Refereeing requires you not to dwell on things and to keep a cool head when players lose it.
That was the message from senior referee Maggie Farrelly, who spoke to OTB Sport on Sunday about how she handles abuse on the field.
Farelly made GAA history in early November when she became the first female referee to officiate a men's county final, taking charge of Ramor United and Gowna in the SFC Cavan final replay.
It's no easy job being a referee.
On top of making sure a game runs smoothly, the man or woman in the middle surrounds themselves with adrenaline-driven animals – who may not be too happy to hear the whistle.
In light of the referee strike across the NDSL for verbal abuse from parents last November, Irish sporting bodies met with Oireachtas members to discuss the levels of abuse referees face.
"As GAA officials, we work as volunteers. We’re giving up our time to officiate games. So for people to get abused, regardless of what sport they’re in, it shouldn’t happen and there’s no place for it really," Farrelly told OTB.
The spill-over from those talks got the GAA world talking. Referee David Gough dismissed claims that the situation was as bad as that occurring in gaelic football. Pundit Joe Brolly seconded that opinion, saying that the 'old days' of referee abuse is long gone.
But referee abuse is still prevalent in the GAA. As of last week, as many as seven Mountbellew-Moylough players will face disciplinary action over their behaviour towards referee Jerome Henry, in their Connacht SFC semi-final loss to Pádraig Pearses last month.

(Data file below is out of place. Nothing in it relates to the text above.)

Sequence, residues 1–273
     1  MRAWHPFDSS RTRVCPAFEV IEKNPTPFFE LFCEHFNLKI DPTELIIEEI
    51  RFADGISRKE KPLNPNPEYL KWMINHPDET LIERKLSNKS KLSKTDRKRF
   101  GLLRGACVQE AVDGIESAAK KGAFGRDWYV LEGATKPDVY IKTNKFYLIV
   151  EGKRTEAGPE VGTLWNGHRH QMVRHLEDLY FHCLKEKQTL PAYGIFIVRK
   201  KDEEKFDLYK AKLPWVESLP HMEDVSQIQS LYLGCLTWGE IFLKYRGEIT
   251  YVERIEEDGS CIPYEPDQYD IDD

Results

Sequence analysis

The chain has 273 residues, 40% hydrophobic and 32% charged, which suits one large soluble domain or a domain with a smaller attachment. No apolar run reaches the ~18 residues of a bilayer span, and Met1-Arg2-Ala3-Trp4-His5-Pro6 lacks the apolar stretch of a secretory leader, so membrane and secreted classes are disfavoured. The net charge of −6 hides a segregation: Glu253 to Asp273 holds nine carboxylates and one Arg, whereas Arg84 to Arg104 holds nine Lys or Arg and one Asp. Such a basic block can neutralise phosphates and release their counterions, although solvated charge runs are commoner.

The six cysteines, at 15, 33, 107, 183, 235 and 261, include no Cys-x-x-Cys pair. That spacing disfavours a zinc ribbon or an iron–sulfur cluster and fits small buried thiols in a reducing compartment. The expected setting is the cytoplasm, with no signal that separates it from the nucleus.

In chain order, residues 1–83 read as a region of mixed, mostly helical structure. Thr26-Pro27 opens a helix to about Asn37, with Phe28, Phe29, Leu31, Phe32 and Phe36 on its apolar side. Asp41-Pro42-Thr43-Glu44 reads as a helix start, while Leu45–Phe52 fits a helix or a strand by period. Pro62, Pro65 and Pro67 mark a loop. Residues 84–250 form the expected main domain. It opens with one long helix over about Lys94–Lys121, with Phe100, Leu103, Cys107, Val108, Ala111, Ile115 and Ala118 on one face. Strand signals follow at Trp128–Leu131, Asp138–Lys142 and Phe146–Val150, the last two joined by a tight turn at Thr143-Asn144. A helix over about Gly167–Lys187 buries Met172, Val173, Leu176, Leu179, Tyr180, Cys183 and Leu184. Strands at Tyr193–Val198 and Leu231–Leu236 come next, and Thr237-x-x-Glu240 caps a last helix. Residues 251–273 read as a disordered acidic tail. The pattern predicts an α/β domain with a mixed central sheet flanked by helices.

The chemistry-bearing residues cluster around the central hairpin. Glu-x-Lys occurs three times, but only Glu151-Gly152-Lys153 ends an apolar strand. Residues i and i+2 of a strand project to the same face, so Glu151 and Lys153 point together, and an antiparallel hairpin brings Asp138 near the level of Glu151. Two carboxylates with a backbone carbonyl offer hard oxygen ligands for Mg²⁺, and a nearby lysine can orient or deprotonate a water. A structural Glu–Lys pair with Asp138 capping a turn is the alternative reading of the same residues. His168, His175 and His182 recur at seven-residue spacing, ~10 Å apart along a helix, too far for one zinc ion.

Are we doing enough?
While it's almost part and parcel of the game, one Farrelly concedes as an 'accepted norm throughout the history of the game,' the Gaelic world has implemented strategies to clamp down on referee abuse.
In 2019, the LGFA implemented the Complaint, Objections, Disciplinary and Appeals system (or CODA), which allows referees and players to report any form of intimidation or discrimination faced on the field.
"It’s an accepted norm throughout the history of the game. But there’s an opportunity to change it and deal with it. That starts from underage right up to senior level, to ensure those levels of abuse does not carry forward onto the field of play," says Farrelly.
Ultimately for Farrelly, not mulling over what players say to her seems to be the key to dealing with it. After all, it is only a game.
"It’s just been able to manage that. You can kinda let things go over your head a wee bit," says Farrelly
"When you step over the white line you’re a ref. Once you step off it, you’re a sister, you’re a mother. You have different roles outside of that 60-70 minutes of sport. It’s very important that you don’t take that home and dwell on it," Farrelly concluded.